News
News Home
Quick Bites
Exploradio
News Archive
News Channel
Special Features
NPR
nowplaying
On AirNewsClassical
Loading...
  
School Closings
WKSU Support
Funding for WKSU is made possible in part through support from the following businesses and organizations.

Lehmans

Greater Akron Chamber

Cedar Point


For more information on how your company or organization can support WKSU, download the WKSU Media Kit.

(WKSU Media Kit PDF icon )


Donate Your Vehicle to WKSU

Programs Schedule Make A Pledge Member BenefitsFAQ/HelpContact Us
Politics


Ohio debates faith and energy
Church leaders are the latest to challenge Ohio's plans to freeze energy efficiency/renewable standards
by WKSU's ANDY CHOW


Reporter
Andy Chow
 
Courtesy of File photo
Download (WKSU Only)
In The Region:

The energy standards freeze bill continues to be a hot debate in the state’s capital. Statehouse correspondent Andy Chow talked to a faith-based group of opponents as the House moves closer to a vote.

LISTEN: Faith leaders on energy

Other options:
Windows Media / MP3 Download (1:09)


Faith-based leaders are the latest group to take a stand against the bill, which would freeze Ohio’s energy efficiency and renewable standards for electric utilities. Pastors from around Ohio said they support the current policies, claiming that their beliefs spur them to endorse guidelines that encourage green energy.

Reverend Robert Martin from the First Presbyterian Church in Athens says his building has gone through several renovations to become more efficient, saving the church about $6,000 in a year.

Although Martin says there’s a clear benefit to investing in the efficient changes, he asserts the church couldn’t afford the renovations without the state’s current policies.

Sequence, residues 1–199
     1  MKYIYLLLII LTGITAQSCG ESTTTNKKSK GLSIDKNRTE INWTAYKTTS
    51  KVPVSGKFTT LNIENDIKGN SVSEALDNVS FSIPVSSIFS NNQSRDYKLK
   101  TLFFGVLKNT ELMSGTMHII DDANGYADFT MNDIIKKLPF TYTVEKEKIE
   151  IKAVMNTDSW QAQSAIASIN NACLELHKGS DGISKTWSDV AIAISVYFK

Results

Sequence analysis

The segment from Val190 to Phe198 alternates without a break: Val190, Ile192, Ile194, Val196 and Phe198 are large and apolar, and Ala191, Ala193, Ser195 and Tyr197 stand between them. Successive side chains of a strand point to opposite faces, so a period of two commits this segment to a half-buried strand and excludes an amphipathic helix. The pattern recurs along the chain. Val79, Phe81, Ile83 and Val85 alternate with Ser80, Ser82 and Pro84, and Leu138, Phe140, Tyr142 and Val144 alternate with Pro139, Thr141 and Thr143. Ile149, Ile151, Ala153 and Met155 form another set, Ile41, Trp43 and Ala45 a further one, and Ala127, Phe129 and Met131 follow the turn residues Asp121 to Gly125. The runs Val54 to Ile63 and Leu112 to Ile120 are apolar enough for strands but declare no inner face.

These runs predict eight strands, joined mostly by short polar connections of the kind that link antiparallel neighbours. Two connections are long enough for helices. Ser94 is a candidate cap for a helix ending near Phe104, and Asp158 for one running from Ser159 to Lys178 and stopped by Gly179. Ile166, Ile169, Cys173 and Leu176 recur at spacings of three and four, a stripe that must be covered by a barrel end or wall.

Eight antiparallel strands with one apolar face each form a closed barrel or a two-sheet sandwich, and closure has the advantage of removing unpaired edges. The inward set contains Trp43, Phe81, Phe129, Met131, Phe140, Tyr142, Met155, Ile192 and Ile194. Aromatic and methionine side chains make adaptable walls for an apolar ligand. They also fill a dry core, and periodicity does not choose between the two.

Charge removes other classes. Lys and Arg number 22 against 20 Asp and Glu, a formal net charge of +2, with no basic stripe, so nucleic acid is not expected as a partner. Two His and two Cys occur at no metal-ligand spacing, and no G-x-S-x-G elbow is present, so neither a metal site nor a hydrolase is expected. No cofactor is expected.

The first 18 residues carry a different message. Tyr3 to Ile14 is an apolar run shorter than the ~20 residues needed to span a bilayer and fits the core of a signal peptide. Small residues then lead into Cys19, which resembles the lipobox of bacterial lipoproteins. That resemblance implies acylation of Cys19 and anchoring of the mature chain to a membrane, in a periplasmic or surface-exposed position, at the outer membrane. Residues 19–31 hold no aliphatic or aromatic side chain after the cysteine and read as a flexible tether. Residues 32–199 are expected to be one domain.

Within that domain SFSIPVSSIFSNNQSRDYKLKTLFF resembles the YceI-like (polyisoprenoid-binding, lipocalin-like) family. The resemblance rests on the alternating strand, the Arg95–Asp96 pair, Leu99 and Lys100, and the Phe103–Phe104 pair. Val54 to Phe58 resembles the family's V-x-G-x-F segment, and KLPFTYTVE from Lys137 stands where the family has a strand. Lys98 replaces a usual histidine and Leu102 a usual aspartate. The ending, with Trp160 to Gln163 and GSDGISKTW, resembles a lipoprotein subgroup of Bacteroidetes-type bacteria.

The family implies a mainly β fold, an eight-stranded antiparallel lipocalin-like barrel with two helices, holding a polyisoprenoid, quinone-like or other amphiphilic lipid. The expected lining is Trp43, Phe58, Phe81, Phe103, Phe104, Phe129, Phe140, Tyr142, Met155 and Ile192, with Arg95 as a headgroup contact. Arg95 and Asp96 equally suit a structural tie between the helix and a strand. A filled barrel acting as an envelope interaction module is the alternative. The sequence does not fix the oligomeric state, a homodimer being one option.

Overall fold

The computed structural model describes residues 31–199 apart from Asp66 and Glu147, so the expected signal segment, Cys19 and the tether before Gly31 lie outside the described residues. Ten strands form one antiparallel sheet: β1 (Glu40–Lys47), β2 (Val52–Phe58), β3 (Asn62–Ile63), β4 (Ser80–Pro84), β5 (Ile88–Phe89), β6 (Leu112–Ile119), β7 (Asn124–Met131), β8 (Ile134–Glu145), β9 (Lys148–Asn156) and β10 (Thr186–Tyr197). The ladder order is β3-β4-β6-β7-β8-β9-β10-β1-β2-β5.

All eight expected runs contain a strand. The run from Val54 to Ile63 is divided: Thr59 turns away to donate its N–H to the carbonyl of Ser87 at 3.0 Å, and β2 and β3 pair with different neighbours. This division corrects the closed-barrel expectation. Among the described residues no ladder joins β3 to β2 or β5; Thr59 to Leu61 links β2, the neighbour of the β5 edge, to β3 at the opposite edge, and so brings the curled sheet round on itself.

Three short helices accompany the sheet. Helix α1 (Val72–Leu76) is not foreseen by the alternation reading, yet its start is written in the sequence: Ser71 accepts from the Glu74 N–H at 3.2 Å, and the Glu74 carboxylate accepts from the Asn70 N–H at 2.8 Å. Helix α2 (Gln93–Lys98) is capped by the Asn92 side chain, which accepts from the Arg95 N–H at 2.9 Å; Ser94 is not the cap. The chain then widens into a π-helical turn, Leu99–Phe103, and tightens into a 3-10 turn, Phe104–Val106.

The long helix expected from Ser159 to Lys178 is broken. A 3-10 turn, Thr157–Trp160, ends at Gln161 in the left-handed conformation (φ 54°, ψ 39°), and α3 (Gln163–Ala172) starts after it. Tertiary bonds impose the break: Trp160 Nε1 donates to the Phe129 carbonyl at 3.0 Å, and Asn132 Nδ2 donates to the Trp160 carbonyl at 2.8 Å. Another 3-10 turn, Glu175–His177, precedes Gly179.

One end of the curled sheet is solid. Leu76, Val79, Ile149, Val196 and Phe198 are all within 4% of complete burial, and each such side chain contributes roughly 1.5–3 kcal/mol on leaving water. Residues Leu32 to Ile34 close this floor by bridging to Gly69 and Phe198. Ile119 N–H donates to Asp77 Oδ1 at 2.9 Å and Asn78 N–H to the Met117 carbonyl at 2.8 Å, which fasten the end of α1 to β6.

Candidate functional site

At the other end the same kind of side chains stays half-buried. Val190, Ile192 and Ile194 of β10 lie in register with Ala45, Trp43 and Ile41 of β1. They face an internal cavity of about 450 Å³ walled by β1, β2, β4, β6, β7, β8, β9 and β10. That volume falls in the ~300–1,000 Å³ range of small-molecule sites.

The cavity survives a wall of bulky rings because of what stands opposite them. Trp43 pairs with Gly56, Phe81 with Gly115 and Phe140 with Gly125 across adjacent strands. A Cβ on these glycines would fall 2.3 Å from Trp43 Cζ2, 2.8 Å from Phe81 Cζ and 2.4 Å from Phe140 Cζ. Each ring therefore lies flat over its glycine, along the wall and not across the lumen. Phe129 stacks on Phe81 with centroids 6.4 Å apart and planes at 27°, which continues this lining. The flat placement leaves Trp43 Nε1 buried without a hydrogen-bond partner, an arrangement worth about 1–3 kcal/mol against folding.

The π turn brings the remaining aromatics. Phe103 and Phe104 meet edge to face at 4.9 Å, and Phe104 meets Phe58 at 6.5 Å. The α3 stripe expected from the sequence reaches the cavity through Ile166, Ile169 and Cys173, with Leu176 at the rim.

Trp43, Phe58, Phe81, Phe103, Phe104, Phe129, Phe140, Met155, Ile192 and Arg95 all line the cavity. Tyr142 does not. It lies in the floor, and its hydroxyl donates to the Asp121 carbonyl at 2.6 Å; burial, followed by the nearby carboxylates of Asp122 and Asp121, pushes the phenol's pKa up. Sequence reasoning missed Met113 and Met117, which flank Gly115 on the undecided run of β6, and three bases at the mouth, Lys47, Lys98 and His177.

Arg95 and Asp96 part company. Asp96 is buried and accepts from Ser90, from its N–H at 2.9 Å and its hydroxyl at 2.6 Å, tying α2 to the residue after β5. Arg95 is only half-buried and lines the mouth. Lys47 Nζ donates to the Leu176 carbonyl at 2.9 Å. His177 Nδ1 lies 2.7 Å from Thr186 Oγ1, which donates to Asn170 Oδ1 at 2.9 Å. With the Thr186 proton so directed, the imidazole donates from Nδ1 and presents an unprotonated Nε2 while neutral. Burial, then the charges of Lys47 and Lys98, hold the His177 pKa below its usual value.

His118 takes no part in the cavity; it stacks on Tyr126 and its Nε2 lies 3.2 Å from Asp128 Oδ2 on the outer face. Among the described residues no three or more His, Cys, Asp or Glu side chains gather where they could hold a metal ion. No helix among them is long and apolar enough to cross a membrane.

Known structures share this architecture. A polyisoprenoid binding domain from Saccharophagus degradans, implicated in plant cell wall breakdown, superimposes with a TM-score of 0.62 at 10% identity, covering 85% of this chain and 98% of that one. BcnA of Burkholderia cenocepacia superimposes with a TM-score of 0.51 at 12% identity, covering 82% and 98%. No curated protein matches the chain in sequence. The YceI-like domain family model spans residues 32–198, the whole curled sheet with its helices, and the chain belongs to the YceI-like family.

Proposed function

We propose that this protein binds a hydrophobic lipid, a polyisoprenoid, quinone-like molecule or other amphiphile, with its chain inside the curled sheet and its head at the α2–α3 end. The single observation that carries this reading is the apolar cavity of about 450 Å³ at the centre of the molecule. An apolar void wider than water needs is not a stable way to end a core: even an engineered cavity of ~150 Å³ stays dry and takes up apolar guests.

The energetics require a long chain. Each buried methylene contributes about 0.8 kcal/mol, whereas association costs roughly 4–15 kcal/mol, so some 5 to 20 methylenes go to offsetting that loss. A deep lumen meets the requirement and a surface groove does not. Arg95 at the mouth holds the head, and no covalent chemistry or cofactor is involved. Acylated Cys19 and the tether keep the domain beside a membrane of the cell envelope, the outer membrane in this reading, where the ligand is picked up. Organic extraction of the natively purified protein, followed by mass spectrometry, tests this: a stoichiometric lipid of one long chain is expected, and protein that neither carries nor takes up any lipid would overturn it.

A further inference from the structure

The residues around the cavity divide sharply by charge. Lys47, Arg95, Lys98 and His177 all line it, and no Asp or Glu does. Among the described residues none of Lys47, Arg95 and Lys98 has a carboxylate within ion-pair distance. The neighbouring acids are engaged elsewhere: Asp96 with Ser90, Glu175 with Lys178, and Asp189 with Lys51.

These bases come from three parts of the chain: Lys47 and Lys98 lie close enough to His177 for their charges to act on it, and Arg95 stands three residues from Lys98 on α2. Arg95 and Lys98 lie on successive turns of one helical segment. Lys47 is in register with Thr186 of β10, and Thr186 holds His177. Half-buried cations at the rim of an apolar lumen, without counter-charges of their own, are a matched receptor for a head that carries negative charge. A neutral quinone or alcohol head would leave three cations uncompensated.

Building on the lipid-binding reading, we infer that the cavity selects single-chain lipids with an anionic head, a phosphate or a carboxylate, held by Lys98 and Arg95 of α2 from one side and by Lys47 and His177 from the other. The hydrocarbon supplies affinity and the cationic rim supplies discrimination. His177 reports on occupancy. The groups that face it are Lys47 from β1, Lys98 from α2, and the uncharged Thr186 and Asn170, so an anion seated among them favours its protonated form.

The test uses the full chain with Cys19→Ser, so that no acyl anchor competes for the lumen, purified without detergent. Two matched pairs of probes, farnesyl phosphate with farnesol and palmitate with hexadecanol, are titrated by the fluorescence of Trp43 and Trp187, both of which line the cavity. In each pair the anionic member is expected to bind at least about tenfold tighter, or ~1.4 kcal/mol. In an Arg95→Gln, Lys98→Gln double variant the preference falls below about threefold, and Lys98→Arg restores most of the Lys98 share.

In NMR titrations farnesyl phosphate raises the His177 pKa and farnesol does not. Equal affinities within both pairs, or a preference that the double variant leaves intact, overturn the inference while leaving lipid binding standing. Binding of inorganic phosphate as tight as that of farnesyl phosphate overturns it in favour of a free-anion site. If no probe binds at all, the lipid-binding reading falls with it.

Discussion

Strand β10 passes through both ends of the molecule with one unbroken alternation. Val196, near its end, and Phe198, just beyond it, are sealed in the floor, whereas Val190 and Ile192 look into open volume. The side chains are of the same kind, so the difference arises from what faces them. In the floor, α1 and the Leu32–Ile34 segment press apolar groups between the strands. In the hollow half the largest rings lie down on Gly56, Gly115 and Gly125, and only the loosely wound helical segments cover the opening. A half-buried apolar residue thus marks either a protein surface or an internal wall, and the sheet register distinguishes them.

“And when there’s a partnership between the state — the utilities — and local congregations or businesses I think it benefits everyone. If the freeze were in place, I don’t think those monies would’ve been available. So I think there’s an incentive to try to get people on board now, to reduce cost now, and reduce use now.”

The Republican-backed bill was scheduled for a possible vote in a House committee on Wednesday but that meeting was canceled.

 

Add Your Comment
Name:

Location:

E-mail: (not published, only used to contact you about your comment)


Comments:




 
Page Options

Print this page

E-Mail this page / Send mp3

Share on Facebook




Stories with Recent Comments

Seven minutes changed everything, but what changed Ashford Thompson?
He shot the guy four times in the head. I have never been that drunk or mad, and I have been through it. Shoot a guy once is bad, maybe a mistake, shoot a guy f...

First cricket farm in the U.S. opens in Youngstown
I am interested in cricket flour to replace soy flour in a low carbohydrate diet. As soon as you have cricket flour available for the average person, please le...

New process starts digesting sludge in Wooster
Awesome! When do our sewage rates decrease accordingly?

Akron's Chapel Hill Mall in foreclosure
Not a surprise. Between the shoplifting, gangs and violence that goes on up there it is no wonder that no one feels safe to shop at Chapel Hill. They have sca...

Ohio launches investigation into at least one Concept charter school
I worked at Noble Academy Cleveland as admin assistant and enrolment coordinator for 6 years, I know this is so valid and true and can provide staff names and p...

Crisis looms in filling aviation industry jobs in Ohio and the nation
I listened to this story yesterday morning on the radio and just want to add this comment. My son went to school to train as an air traffic controller, and gra...

Cuyahoga Valley National Park considers fire to fight invasives
I'm for the controlled burn. There are not enough people (myself included) who volunteer for the removal of invasive plant species. Therefore, another solution ...

Remembering Cleveland music impresario Hank LoConti
The picture here is not the original Agora. It is the old WHK studios where the Agora moved into.

Copyright © 2014 WKSU Public Radio, All Rights Reserved.

 
In Partnership With:

NPR PRI Kent State University

listen in windows media format listen in realplayer format Car Talk Hosts: Tom & Ray Magliozzi Fresh Air Host: Terry Gross A Service of Kent State University 89.7 WKSU | NPR.Classical.Other smart stuff. NPR Senior Correspondent: Noah Adams Living on Earth Host: Steve Curwood 89.7 WKSU | NPR.Classical.Other smart stuff. A Service of Kent State University